Nov 15 9:00 PM

How a controversial Ariz. program tries to keep sex workers out of jail

Project ROSE offers sex workers a way out of criminal charges and jail time, but not without controversy. The program has its supporters, but it has also drawn protesters.
America Tonight

PHOENIX —  Last month, almost 60 women were arrested for prostitution during a two-day undercover sting here.

Among them was Cacee -- whose name has been changed to protect her identity -- a 26-year-old single mother who has been exchanging sex for money for five years.

Instead of going to jail, Cacee was taken to Project ROSE, an arrest alternative program for those accused of prostitution set up inside a central Phoenix church that donated space.

Although Arizona has one of the nation’s highest incarceration rates and is among the handful of states with mandatory minimum sentences for prostitution, Project ROSE, short for Reaching Out on Sexual Exploitation, is designed to keep people out of jail.

How it works

During this latest sting, police brought 54 women ranging in age from 18 to 58 to Project ROSE, bringing the total to more than 350 since its start in September 2011.
America Tonight

The project is the brainchild of Dominique Roe-Sepowitz, an associate professor of social work at Arizona State University, and Phoenix Police Lieutenant Jim Gallagher, who co-founded Project ROSE in 2011 to help curtail prostitution in the Valley of the Sun.

Behind the wheel of his unmarked police car, Gallagher explains how he was once part of the "hook ‘em and book ‘em" school of thought when it came to prostitutes.

But over the course of his 18-year career, including four years with the department's vice unit, Gallagher ended up arresting the same woman nine times for prostitution, which changed his views on sex workers. He no longer believes just locking them up is the solution.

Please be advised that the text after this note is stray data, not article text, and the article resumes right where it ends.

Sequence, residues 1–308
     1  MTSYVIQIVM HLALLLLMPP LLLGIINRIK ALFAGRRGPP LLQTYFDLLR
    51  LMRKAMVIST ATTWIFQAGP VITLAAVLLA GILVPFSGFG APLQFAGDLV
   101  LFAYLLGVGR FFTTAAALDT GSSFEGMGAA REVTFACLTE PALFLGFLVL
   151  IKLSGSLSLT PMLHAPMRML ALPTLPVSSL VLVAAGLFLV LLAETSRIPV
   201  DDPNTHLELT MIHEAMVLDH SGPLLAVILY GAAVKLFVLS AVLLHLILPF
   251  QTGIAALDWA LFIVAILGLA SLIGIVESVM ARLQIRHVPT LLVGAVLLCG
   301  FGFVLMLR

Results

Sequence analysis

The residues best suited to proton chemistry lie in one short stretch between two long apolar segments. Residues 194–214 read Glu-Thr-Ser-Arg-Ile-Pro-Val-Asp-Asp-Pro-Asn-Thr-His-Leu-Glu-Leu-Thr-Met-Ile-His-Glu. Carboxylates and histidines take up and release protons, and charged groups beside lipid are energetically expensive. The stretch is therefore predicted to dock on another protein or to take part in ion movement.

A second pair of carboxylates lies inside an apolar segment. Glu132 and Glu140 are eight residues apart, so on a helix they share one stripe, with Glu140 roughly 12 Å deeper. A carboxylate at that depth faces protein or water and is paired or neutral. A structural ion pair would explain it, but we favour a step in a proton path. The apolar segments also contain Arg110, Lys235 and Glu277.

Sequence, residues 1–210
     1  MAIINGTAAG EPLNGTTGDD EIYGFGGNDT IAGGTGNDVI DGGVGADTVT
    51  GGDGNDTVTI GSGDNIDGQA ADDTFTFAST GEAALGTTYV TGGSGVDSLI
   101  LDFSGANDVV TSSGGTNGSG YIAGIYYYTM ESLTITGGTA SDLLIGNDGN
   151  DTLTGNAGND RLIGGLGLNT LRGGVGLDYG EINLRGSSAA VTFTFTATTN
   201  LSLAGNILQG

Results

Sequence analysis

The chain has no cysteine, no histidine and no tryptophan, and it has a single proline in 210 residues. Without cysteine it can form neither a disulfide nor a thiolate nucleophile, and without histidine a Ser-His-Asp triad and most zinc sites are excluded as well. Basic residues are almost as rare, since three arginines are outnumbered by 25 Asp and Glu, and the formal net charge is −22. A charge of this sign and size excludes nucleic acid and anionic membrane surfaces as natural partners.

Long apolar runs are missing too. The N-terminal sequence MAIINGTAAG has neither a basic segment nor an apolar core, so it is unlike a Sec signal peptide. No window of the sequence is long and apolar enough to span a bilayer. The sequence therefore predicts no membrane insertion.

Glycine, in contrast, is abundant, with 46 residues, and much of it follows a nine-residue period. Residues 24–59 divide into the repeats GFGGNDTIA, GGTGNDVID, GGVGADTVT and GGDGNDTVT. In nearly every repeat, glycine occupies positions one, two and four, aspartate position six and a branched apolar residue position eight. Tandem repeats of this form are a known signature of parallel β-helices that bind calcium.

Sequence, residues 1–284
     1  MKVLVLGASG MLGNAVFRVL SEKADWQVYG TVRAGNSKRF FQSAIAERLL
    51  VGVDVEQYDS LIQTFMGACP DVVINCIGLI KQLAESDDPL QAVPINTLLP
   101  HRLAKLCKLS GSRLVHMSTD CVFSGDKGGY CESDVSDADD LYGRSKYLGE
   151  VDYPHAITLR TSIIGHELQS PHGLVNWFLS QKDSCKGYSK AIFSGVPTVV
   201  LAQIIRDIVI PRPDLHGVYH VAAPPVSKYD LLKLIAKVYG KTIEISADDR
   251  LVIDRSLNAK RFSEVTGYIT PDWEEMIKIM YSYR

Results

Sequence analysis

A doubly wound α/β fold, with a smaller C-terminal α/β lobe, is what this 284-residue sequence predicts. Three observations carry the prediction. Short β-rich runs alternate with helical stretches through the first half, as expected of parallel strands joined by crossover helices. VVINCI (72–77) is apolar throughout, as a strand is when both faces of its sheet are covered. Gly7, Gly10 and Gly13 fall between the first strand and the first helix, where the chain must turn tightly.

“I've done all the really cool jobs in police work that there are,” he said, driving along one of the city’s main tracks for prostitution. “The most important job that I've done is this, because it has given me the opportunity to really, really help an underserved population. These are discarded women: people that have been completely forgotten, people that make people uncomfortable.”

The underlying theme of Project ROSE is to not criminalize an individual’s victimization, he said, adding that the majority of women who enter the life of prostitution are compelled based on need.  

“People that enter into a life of prostitution typically don't do it because they want to. There are circumstances in their life that lead them to what is typically a really bad circumstance,” he said. “Everybody's trafficked by something. And there's always somebody there willing to exploit that need.”

Everybody's trafficked by something. And there's always somebody there willing to exploit that need.

Jim Gallagher

Phoenix Police Lieutenant

Twice a year for two days, anyone arrested on prostitution-related charges -- whether off the streets or in an online sting -- is brought to Project ROSE and offered a range of social services, versus jail time. 

Those with outstanding warrants, certain felony convictions, or those who’ve already been through the city’s prosecution diversion program aren’t eligible for diversion again. (If taken to Project ROSE they are still eligible for the social services.) For those who are accepted, the arrest stays off the books as long as they finish the program.

During this latest sting, police brought 54 women ranging in age from 18 to 58 to Project ROSE, bringing the total to more than 350 since the project’s start in September 2011.

Once inside, volunteers lead the women to meetings with police officers, city prosecutors and social service agencies. The program’s co-founder says Project ROSE provides help with everything from housing, employment and health care, to help those who want out of the life of prostitution. 

On average, 30 percent of Project ROSE clients complete the city’s prostitution diversion program requirements, of which 9 percent are re-arrested in the first year.

Police ramp up arrests during the two days Project ROSE is in operation in an effort to get more prostitutes into the program. For Project ROSE founders, this is part of the strength of the program. For opponents, this is the problem.

The opposition